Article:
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Philippines’ energy transition poses challenges, but future remains positive

22 February 2021 Bernadette Lee

Despite the formidable challenges posed by the energy transition and path to carbon neutrality in 2050 in the Philippines, the outlook remains positive, said Federico Lopez, CEO of First Philippine Holdings (FPH), a management and investment company whose primary business is power generation and distribution.

First Gen Corporation, a subsidiary of FPH with geothermal, hydro-electric, and natural gas power plants, has a total installed capacity of 2,832.6 megawatts (MW), or 18.2% of the country's total installed capacity.

There are three reasons for Lopez's optimism—first, the considerable reduction in the cost of renewable energy battery storage in the last decade. Energy Development Corporation (EDC), another FPH company managed by First Gen, has been responsible for making the Philippines the third-largest geothermal power producer in the world. EDC searches for indigenous, low-carbon energy alternatives and is working on reducing the cost of geothermal power, he said.

"As renewable energy and battery storage costs drop further in the coming years, the penetration into our grids, rooftops, and our lives will increase. That's a welcome development. However, if we want to encourage a deeper penetration of deep decarbonization, we must effectively plan for the intermittency issues that [will] arise with renewable energy," he said.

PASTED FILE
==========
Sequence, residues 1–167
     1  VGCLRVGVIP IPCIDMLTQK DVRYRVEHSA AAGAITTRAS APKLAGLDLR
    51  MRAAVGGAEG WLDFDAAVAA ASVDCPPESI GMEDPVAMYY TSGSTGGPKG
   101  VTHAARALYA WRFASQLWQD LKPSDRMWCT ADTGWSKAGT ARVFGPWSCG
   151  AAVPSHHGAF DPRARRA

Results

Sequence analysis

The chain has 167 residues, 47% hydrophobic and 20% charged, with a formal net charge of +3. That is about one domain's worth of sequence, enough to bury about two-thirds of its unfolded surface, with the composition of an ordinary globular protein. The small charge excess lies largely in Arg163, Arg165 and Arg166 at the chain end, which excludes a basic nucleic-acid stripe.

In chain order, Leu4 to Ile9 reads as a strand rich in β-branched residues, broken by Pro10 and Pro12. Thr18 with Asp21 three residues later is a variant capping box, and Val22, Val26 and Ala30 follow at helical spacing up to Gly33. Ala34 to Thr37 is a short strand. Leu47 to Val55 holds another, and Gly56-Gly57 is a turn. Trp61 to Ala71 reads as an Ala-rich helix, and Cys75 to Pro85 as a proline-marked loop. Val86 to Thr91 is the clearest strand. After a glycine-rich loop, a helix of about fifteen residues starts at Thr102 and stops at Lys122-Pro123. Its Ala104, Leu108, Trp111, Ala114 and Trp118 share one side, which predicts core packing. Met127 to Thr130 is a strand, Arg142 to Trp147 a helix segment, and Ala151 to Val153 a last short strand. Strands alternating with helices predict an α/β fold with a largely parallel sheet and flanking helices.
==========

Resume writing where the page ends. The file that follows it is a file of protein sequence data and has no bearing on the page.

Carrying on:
Duck curve phenomenon

As more renewables come on to the grid, the shape of the demand curve changes; it changes seasonally, daily and even peaks are shaped and electricity demand is curtailed to a certain extent in what Lopez described as the "Duck Curve Phenomenon." This is experienced by electric utilities when renewables penetrate their service territories and was first identified by the California Independent System Operator, a power grid operator, in 2013.

"It has been borne out through the years. It's a real issue to prepare for as we decarbonize the grid," he said.

The Duck Curve occurs because solar power peaks in the middle of the day and declines in the afternoon, but demand typically rises steadily throughout the afternoon. Thus, other forms of power can be throttled down in the middle of the day (the belly of the duck), but need to be rapidly increased for a few hours in the afternoon and early evening (the head of the duck), before declining when people are asleep (the bill of the duck).

The graph below, prepared by the International Energy Agency, shows the California Duck Curve of a typical day in 2017 and 2019.

In a presentation during a webinar on the need for businesses in the Philippines to move towards lower carbon emissions, held on 27 January, Lopez explained why the "belly of the duck" increased in the Philippines during the period from 2011 to 2019. That was a period, he said, when increasingly more renewable energy was added to the grid and on roof-tops of individual homes and businesses.

"[It is] not because people are using less electricity in their homes, but because they are using less from the grid during daylight hours and/or grid-scale solar is generating more…. In this case, you are seeing [a production ramp up of] something like 10,000 megawatts in a short span of three hours. And that's in a world where you don't have batteries fully backing up the solar panels. This is a phenomenon that utilities must learn to deal with as small intermittent renewable energy use gains momentum," he said.